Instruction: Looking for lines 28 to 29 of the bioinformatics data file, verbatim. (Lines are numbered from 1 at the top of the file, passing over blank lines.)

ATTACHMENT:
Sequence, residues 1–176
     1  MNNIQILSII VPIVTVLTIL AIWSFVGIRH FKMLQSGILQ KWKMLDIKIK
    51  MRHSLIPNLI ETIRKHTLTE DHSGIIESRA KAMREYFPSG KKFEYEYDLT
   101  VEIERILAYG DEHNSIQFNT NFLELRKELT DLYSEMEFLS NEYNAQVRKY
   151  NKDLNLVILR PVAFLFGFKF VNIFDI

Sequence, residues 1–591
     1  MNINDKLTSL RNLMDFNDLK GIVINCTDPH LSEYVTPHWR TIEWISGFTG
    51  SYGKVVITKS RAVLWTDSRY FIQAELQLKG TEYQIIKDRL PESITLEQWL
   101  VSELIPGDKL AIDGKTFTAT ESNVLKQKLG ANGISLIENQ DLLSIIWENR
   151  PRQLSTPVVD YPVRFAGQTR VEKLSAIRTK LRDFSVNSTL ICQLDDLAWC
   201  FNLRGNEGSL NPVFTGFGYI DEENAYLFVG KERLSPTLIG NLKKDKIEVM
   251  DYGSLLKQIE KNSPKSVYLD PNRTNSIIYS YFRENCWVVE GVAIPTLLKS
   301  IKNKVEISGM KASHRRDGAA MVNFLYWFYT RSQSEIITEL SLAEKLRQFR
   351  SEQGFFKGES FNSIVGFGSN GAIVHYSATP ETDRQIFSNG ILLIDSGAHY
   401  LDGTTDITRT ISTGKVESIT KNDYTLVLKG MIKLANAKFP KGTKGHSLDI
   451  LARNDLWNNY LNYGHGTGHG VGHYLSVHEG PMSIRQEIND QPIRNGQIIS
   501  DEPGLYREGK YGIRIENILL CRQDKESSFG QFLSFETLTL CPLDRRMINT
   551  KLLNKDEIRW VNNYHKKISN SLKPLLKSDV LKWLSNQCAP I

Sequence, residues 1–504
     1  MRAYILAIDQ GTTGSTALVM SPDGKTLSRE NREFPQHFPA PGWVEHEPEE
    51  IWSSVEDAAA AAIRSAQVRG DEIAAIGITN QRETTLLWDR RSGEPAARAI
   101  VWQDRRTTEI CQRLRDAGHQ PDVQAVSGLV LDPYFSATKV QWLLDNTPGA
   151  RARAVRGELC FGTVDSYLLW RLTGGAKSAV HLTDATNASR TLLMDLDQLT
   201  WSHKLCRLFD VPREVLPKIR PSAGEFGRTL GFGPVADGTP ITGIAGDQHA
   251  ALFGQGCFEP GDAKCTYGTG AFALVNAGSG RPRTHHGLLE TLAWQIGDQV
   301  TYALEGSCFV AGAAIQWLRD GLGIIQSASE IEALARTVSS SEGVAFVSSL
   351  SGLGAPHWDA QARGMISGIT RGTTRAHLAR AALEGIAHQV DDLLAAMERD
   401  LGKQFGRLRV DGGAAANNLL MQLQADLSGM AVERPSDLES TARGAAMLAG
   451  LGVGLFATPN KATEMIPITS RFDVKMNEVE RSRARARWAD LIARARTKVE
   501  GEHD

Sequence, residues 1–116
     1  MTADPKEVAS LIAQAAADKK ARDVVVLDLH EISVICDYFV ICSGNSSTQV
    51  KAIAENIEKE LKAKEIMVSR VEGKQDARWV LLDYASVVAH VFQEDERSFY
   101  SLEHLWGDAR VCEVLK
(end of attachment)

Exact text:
   401  LGKQFGRLRV DGGAAANNLL MQLQADLSGM AVERPSDLES TARGAAMLAG
   451  LGVGLFATPN KATEMIPITS RFDVKMNEVE RSRARARWAD LIARARTKVE